In this four-part series, Corrs’ Environment and Planning team examines biodiversity banking across Australia, its role in environmental assessment processes at state and federal levels and the different transaction structures for buying and selling biodiversity credits.
In part three of our series on biodiversity banking, we considered possible transaction structures which may be relevant when buying and selling biodiversity credits.
In this, the fourth and final part of the series, we explore the key matters which may be relevant to consider in negotiating the sale or purchase of biodiversity credits and determining the price for each credit.
Biodiversity banking: key transaction terms and some tips and tricks
Considered drafting in any contractual arrangements will be required to address the various risks involved throughout the biodiversity credit transaction process for both the purchaser and the vendor.
Transferring the right credits for the right price
Interestingly, and unlike transfers of land, the paper forms in NSW to be submitted to enable the transfer of credits do not require the purchaser to sign or sight the forms.
Accordingly, ensuring that the vendor has identified the correct number and type of credits are nominated on the transfer form for the correct purchase price is critical. This becomes even more pronounced as we move into electronic transactions and forms can be completed without the purchaser and their solicitors’ involvement.
Biodiversity credits are often purchased to enable a purchaser to satisfy an obligation in a development consent to retire a specific number and type of biodiversity credits to offset the impacts of a proposed development or infrastructure project. The development consent will specify a time for the retirement of the relevant biodiversity credits, often prior to the commencement of the development (although deferrals are possible in some circumstances).
Therefore ensuring that the relevant credits are created and transferred to the purchaser to enable it to retire the credits by the time required in the development consent is critical.
The agreement may need to include a mechanism to allow the adjustment of the purchase price if less credits are created than originally anticipated. Alternatively, if it becomes apparent that the specific credits sought cannot be created and retired (or an insufficient number is created) by the required time, the purchaser may need to be able to terminate the agreement and secure credits from another vendor or make alternative arrangements to satisfy its offset obligations.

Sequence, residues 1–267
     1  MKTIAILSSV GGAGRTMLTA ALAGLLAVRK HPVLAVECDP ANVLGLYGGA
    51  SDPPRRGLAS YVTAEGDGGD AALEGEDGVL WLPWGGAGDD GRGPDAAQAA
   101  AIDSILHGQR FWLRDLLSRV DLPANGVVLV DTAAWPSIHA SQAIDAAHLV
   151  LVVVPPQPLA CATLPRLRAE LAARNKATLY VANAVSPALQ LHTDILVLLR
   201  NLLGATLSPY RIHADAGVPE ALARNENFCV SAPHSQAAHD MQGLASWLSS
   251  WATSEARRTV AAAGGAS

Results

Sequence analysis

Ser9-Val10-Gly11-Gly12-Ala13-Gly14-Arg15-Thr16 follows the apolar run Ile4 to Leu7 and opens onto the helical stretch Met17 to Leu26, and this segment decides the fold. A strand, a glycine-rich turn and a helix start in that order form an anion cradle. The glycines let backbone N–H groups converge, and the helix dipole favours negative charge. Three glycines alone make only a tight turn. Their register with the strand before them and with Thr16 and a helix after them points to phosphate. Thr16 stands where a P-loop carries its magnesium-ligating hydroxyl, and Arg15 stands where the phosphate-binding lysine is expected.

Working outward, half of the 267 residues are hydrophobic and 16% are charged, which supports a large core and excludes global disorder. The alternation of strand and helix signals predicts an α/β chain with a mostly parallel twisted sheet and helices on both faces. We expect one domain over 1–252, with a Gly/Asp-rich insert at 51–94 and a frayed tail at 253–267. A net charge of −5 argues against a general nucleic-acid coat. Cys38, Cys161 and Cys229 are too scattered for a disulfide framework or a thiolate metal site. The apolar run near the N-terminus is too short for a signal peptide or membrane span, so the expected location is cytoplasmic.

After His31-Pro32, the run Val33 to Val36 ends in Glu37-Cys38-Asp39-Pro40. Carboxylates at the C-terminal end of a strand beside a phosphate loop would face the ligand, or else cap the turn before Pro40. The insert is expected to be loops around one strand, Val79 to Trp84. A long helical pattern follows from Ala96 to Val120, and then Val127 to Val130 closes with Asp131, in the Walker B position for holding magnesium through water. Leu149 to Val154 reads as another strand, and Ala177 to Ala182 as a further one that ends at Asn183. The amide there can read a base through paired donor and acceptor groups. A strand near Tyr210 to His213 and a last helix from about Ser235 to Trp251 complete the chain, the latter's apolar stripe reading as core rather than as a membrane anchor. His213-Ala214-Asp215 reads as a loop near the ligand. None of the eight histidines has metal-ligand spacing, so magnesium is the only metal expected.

Payments of the Total Fund Deposit
In NSW, the vendor is required to make a payment of part of the Total Fund Deposit to the Biodiversity Stewardship Payments Fund on the first transfer of the biodiversity credits created. Depending on the credits, the required payment into the Total Fund Deposit itself can amount to several million dollars.
If a payment into the Biodiversity Stewardship Payments Fund is required, the transfer of credits cannot be processed until that payment is made. Accordingly, for the purchaser, it is important that any agreement consider the vendor’s obligation to pay the relevant part of the Total Fund Deposit promptly in order to facilitate the transfer of the credits.
Like any other transaction, purchasers should undertake a thorough due diligence to ensure that the vendor is in a position to create (if the credits are not yet created) and sell the credits. In NSW, the applicants for a proposed biodiversity stewardship agreement (which creates the biodiversity credits) must meet the ‘fit a and proper person’ test in the Biodiversity Conservation Regulation.
The title to the proposed biodiversity stewardship site should also be carefully reviewed to determine whether there are any encumbrances on title (such as mortgagees and leases) which could hinder the registration of the biodiversity stewardship agreement on title, a necessary step in the process of entering into a biodiversity stewardship agreement in NSW.
Also, biodiversity credits, like other forms of property, can be encumbered and purchasers will need to ensure that no other persons have any rights to the biodiversity credits the subject of the proposed sale.
Some jurisdictions also maintain biodiversity credit registers, which include a list of available credits and the price at which credits have been previously sold.
Capital gains tax
Vendors should also consider potential capital gains tax (CGT) implications, which can arise when enter into biobanking agreements and selling biodiversity credits. CGT Event D4 occurs when entering into a conservation agreement (called a biodiversity stewardship agreement in NSW) and CGT event A1 occurs when the vendor disposes of biodiversity credits.
When entering into a conservation agreement, a capital gain may arise if the capital proceeds from the conversation agreement are more than that part of the cost base of the land that is apportioned to that agreement.
When selling biodiversity credits, a capital gain can arise if the capital proceeds are more than the cost base of the biodiversity credits. The cost base of biodiversity credits includes the money the vendor paid or is required to pay in respect of acquiring the biodiversity credits (i.e. entering into the conservation agreement), application fees and consultant and legal fees.
This publication is introductory in nature. Its content is current at the date of publication. It does not constitute legal advice and should not be relied upon as such. You should always obtain legal advice based on your specific circumstances before taking any action relating to matters covered by this publication. Some information may have been obtained from external sources, and we cannot guarantee the accuracy or currency of any such information.